Other musical moments come as homage to sci-fi greats. There is no denying GladOS' similarities to the homicidal HAL 9000 of 2001 fame, but upon finding the inaccurately named 'Turret redemption line' there is a strong invocation of Vangelis score work for 'Blade runner'. Listen below and compare for yourself.
 

As you cut along the test chambers, be they rebuilt, ruined or retro, music is almost literally coming from the panels and play elements themselves. In the turret production facility your companion Wheatley spins a humorous yarn about the fate of the robotic caretaker of the unit and the screams of the dismantled robots therein. In the background, nearly hidden from aural discovery and perfectly synchronised with the score tiny, metallic yells punctuate the story. Further down the same manufacturing trail, if you dare get close enough, the laser cutting robot-arms forming shapes for the construction of turrets have a song all of their own known as 'diecut laser dance' in the accompanying soundtrack.
Not only are there audio treats seeping from behind the near sentient panels, almost every testing element has its own unique body of sound, allowing Valve and Morasky to define the game world through more senses than most AAA games on the market. Not only are these elements delineated by aesthetic but they also appeal to the players sense of hearing. The most prevalent show of this attachment and dedication to sound as a gameplay tool is the first of GladOS' 'pretty good' looking chambers. In it the player finds receptors for three of the previously discovered 'Thermal discouragement beams', as the beams are portalled or redirected into these buttons a differing melody line drifts from each, building into the soundtracks 'triple phase laser'. One can literally play with how these three melodies interact and hear the creation of the soundtrack all while achieving what is a necessary part of advancing through the game. This level of immersion and gifted reward to the astute gamer are clear signals from the developer that they mean to have sound as something more than the cursory flourish of an overriding score.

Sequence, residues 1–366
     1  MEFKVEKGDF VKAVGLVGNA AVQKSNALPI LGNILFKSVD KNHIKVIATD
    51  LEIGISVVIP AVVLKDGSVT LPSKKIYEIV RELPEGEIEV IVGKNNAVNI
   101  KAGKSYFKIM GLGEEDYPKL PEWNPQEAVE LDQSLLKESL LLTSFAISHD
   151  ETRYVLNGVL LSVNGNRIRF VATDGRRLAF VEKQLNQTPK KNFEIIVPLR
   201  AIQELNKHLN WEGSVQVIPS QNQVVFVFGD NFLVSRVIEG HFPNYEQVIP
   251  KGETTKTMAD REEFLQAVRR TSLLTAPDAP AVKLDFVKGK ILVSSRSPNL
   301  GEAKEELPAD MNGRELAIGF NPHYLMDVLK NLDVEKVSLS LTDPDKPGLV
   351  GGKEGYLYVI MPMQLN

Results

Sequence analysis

Almost every new testing element added to portal 2 has its own notable sound, a calling card which it either sends echoing around the vast chambers or mumbles quietly to itself waiting to catch a keen eared player. The hard light bridges hum and warm with the unique synthesiser noise that leads in the soundtracks 'hard sunshine', but is only audible if you had disregarded GladOS warning and 'rubbed your cheek on one'.

Even though its introduction is set in the most dilapidated bowels of the aperture facility the sound design given to the gels is by far the most advanced in terms of dynamic programming. The sweeping arpeggios that signify the player stepping onto the orange propulsion gel work in direct union with the game physics of gel itself. During gameplay the gel accelerates the players walking speed, in terms of sound this directly affects the tempo of the arpeggiated synth heard below.   

There is also a melody line applied to the blue repulsion gel which bounces you around the now defunct chambers. It's tempo changes in unison as you gain and lose speed on either side of the arc of your bounce. Sadly there was no sound detail added to the moon dust based conversion gel which allows any surface it 'paints' to accept portals.
If ever there was necessity for a sound to highlight the experience of being flung through the air in a retro-futuristic laboratory controlled by a megalomaniacal robot then the bit-crunched, altitude based beats heard when using the aerial faith plates would be it. The game world applies the physical sound of the air rushing past you as you soar but as the forces equalise and you lose momentum the garbled electronic score of 'friendly faith plate' almost descends from the ceiling to fill the lonely void at your apex.